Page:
Greetings from the place where winter does not end! I guess we are still in Lion-mode. I am really ready for the Lamb-mode that March always promises.
Until then, I’ll just cozy up and keep writing. How do you get through the long winter days?
Coffee is high on my list.
I think a lot of writers have an all-consuming love for the elixir. I’ve sung the praises of my sanctuary-in-38-seconds-flat caffeine fix in the past. Author Chuck Wendig is unapologetic about his ascent into superior coffee snobbery. And a gang of writers I know (yeah, they’re a gang, and they don’t even need cool biker jackets to prove it) have a great blog inspired by their two passions: Women’s Fiction and coffee. Yesterday, Musings from the Mug let me drop by to wax poetic about the patina in my favorite coffee delivery vehicles (i.e. mugs that have special meaning for me).
I have a confession to make, while I have mugs on my mind. It took me a long time to make peace with drinking my coffee out of a dark mug. Call me crazy, but I like to easily see what I am drinking, and where I am in the process. White mugs are just easier.
While writing Louder Than Love, I took this weird quirk of mine and gave it to one of my characters. Not a main character, mind you. Not even a living, breathing character.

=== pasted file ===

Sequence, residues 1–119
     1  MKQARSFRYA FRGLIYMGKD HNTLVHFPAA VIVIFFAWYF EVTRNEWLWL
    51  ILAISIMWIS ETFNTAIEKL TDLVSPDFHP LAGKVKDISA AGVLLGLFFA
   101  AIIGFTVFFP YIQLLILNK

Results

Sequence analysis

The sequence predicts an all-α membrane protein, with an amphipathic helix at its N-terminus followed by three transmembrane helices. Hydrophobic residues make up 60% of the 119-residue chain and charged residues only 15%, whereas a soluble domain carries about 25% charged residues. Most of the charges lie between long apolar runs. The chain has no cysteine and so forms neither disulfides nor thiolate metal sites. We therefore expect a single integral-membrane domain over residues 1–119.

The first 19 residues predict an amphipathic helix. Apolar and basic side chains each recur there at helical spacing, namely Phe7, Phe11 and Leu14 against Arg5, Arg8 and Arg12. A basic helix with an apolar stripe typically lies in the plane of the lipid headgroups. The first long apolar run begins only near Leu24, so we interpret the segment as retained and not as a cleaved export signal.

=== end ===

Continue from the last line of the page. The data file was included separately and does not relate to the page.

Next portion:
Peter Lewis, Katrina’s husband, died in a freak train accident four years before the novel opens. While Katrina and her young daughter Abbey have been making peace and moving forward, Pete’s memory is ever-present as they go about their daily lives. Lives that now include an unexpected element, in the form of recluse rocker, Adrian Graves. As Kat and Adrian’s relationship blooms, the ghost of Pete looms large and unspoken between them.
By giving Pete my strange mug affliction, I was able to bring him back, front and center into the middle of Kat’s kitchen; a heartbreaking reminder of what she and Abbey had lost. And a hint of foreshadowing at what they stood to lose, if Kat continued refusing to open up to Adrian about her past.
Abbey’s tiny elbow made contact with the coffee mug Adrian had been drinking from. It went skittering and I helplessly watched it plummet, then smash with a heartbreaking pop and gush; bone china and morning lifeblood scattered and smattered.
“Dammit, Abbey!” I yelled. Adrian jumped to grab paper towels. “Step back . . . go!”
Abbey backed out of the kitchen, lips quivering down and eyes brimming. I dropped to my knees as Adrian attempted to staunch the flow and gather the pieces carefully in the palm of his hand. Oh, no . . . the whimper never made it out of my vocal chords, the words were trapped painfully in the breath from my chest.
“Kat, it’s not her fault. I set it too close to the edge.” He swiftly rose and deposited the entire mess into the trash. “Calm down, luv. It was just a mug.”
Just a stupid Blue Plate Special diner mug from Fishs Eddy. But I had watched Pete drink from it every morning since we met. He couldn’t drink coffee from a dark mug. He had fessed up to his quirk with a sheepish laugh; it made him nervous when he couldn’t see how much coffee was left in the cup.
Couldn’t see the bottom. Couldn’t see the end coming.
“I know,” I whispered.
It’s one of my favorite scenes in the book, and I have to thank my quirk for the inspiration.
Got a quirk? Got a favorite mug? Feel free to comment below and let me know.
I’ll be here…waiting for the snow to stop.